Over the years we’ve had the opportunity to speak with a number of teachers and administrators, sharing our experience with the utilization of assessments and their function in a Collaborative Response Model. One primary concept that we find ourselves consistently repeating is the use of assessments to FLAG students for conversations.
In a Collaborative Response Model, assessments are an essential component, identifying students at-risk and tracking their progress over a period of time. For instance, individual teachers’ understanding of what a good reader is can vary, leading to situations where a teacher’s evaluation of the progress of a student may differ leading to certain students being missed in the conversation. School-wide assessments help to bring struggling students to the forefront and act as a common screen to generate conversations.
Assessments used as a way to flag students for conversation is critical. We would argue that the school-wide assessment tool that is utilized becomes less important than the function it serves when schools subscribe to the belief that assessments flag kids for conversations. Rather than becoming over-focused on the assessment scores or the search for the perfect assessment (if such a thing exists), when school-wide assessments are used to flag students for conversation, it really places the focus on professional judgment and problem-solving. Assessments provide one piece of the puzzle. Our response to the flag is what makes the difference in a student’s life.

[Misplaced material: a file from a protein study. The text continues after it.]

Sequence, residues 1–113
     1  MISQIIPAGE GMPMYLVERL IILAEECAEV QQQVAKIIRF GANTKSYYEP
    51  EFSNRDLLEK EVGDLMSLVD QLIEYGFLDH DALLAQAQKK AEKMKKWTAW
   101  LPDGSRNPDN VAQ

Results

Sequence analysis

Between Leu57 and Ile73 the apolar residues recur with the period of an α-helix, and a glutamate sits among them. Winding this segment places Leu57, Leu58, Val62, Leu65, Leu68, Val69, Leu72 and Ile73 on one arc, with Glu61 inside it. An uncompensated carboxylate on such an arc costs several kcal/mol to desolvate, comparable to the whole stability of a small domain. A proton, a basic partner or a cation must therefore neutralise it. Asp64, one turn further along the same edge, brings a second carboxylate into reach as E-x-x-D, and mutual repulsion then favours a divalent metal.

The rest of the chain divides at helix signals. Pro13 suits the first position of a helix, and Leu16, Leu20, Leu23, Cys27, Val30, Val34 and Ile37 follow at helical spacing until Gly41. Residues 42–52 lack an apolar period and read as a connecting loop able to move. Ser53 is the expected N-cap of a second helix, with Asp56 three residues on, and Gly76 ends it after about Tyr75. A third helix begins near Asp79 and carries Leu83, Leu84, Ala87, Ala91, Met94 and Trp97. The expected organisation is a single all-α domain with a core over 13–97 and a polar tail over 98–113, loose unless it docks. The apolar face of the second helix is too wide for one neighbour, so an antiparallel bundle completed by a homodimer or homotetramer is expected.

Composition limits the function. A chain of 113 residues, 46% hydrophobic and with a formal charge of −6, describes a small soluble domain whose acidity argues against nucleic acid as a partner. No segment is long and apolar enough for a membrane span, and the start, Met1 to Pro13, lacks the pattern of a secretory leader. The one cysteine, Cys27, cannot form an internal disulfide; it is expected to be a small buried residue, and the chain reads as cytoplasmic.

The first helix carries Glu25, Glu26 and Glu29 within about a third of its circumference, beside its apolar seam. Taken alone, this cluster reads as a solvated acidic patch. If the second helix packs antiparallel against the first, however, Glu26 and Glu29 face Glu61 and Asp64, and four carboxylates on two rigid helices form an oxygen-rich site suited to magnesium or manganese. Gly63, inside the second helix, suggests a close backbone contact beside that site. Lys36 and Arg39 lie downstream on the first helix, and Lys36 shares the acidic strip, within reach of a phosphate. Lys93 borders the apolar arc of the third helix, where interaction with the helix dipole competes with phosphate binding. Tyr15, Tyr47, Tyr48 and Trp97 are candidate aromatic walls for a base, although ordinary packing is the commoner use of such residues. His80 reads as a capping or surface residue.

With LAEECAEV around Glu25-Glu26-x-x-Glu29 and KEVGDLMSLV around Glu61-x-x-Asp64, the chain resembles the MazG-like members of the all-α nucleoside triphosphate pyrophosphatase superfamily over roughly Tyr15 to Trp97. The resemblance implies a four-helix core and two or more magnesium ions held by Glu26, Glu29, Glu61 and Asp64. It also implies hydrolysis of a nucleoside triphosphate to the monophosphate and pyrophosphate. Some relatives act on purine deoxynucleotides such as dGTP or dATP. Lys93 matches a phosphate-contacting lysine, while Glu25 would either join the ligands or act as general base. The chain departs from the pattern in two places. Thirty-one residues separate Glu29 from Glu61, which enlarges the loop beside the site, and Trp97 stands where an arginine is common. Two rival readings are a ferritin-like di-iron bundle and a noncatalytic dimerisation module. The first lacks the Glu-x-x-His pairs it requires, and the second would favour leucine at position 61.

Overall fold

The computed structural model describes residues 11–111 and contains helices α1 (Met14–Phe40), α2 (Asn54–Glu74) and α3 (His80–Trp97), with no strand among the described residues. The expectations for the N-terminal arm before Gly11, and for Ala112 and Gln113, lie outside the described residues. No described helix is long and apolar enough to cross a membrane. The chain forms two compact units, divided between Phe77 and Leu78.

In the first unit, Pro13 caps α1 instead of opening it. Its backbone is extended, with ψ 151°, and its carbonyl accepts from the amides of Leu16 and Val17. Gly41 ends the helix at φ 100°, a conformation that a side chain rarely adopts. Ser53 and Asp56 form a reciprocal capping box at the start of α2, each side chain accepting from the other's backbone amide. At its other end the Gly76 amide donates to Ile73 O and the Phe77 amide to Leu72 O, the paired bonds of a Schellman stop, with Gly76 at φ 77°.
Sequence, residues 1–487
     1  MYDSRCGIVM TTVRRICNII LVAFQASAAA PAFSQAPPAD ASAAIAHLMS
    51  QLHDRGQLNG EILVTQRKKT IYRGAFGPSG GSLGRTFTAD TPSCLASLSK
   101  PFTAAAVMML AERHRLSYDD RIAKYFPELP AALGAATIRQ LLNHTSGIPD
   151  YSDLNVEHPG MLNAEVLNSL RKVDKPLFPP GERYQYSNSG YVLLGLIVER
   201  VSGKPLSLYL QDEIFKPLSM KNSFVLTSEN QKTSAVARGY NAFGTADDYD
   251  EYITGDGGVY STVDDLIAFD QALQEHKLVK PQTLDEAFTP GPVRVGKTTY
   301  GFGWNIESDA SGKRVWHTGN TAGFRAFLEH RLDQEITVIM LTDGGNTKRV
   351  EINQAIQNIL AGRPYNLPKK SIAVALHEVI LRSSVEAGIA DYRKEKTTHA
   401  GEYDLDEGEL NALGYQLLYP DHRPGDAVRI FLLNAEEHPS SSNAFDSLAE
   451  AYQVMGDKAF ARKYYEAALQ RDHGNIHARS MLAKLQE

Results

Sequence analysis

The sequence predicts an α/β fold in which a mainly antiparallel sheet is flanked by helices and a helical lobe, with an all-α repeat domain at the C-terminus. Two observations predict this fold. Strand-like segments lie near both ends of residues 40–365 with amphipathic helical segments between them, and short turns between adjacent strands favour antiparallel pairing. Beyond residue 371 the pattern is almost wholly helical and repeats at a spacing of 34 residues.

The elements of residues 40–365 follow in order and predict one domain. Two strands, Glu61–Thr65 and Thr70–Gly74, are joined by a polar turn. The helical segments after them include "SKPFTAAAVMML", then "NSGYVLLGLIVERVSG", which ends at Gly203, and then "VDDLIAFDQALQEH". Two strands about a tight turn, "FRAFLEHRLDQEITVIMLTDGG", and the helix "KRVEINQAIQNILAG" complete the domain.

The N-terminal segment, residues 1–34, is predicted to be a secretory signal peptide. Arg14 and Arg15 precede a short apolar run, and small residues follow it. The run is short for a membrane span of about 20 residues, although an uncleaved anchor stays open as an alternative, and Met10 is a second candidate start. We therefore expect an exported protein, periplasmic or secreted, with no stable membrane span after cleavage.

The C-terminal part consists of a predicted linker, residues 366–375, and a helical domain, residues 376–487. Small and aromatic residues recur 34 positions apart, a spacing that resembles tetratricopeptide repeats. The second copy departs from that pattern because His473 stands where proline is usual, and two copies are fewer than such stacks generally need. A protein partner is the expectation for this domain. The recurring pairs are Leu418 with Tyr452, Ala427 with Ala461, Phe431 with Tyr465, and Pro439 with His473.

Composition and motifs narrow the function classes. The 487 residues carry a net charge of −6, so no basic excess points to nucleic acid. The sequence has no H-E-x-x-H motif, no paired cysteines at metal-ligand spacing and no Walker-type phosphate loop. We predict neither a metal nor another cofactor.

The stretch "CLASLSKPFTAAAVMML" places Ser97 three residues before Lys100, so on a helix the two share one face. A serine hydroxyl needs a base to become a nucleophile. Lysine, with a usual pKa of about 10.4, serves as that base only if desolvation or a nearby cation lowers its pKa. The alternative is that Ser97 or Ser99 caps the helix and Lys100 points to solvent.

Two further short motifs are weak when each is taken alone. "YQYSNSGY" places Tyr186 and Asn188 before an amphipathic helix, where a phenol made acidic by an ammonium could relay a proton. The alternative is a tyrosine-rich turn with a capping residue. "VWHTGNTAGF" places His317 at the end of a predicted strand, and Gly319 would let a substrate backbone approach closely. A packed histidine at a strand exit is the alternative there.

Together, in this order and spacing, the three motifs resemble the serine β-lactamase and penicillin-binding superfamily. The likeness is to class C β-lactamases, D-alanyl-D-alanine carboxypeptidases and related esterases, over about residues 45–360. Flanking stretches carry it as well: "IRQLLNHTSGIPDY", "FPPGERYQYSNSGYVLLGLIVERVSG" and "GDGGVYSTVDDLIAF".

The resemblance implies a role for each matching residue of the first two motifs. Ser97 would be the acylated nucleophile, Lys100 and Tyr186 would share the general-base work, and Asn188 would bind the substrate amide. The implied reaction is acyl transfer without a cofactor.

Picture this – a grade three collaborative team meeting occurs and a principal states “Taking a look at the last month of scores, it looks like Lucas is not progressing. What is going on for him?” All of a sudden, the professional collaborative dialogue that ensues:
- places the focus on the child, not the assessment scores
- values the role of teacher assessment and professional judgment
- emphasizes a deeper investigation than any assessment could provide
- reduces the emphasis placed on a test score
When assessments are utilized in this manner, the focus becomes all about the student, the professional judgment of the people there to support him or her and the problem-solving capacity of the team. By focusing on assessments flagging students for conversation, the utilization of the tool as a call to action, rather than the tool itself, becomes the primary focus for supporting the learning of students.
Adapted from a previous posting – originally published March 8, 2012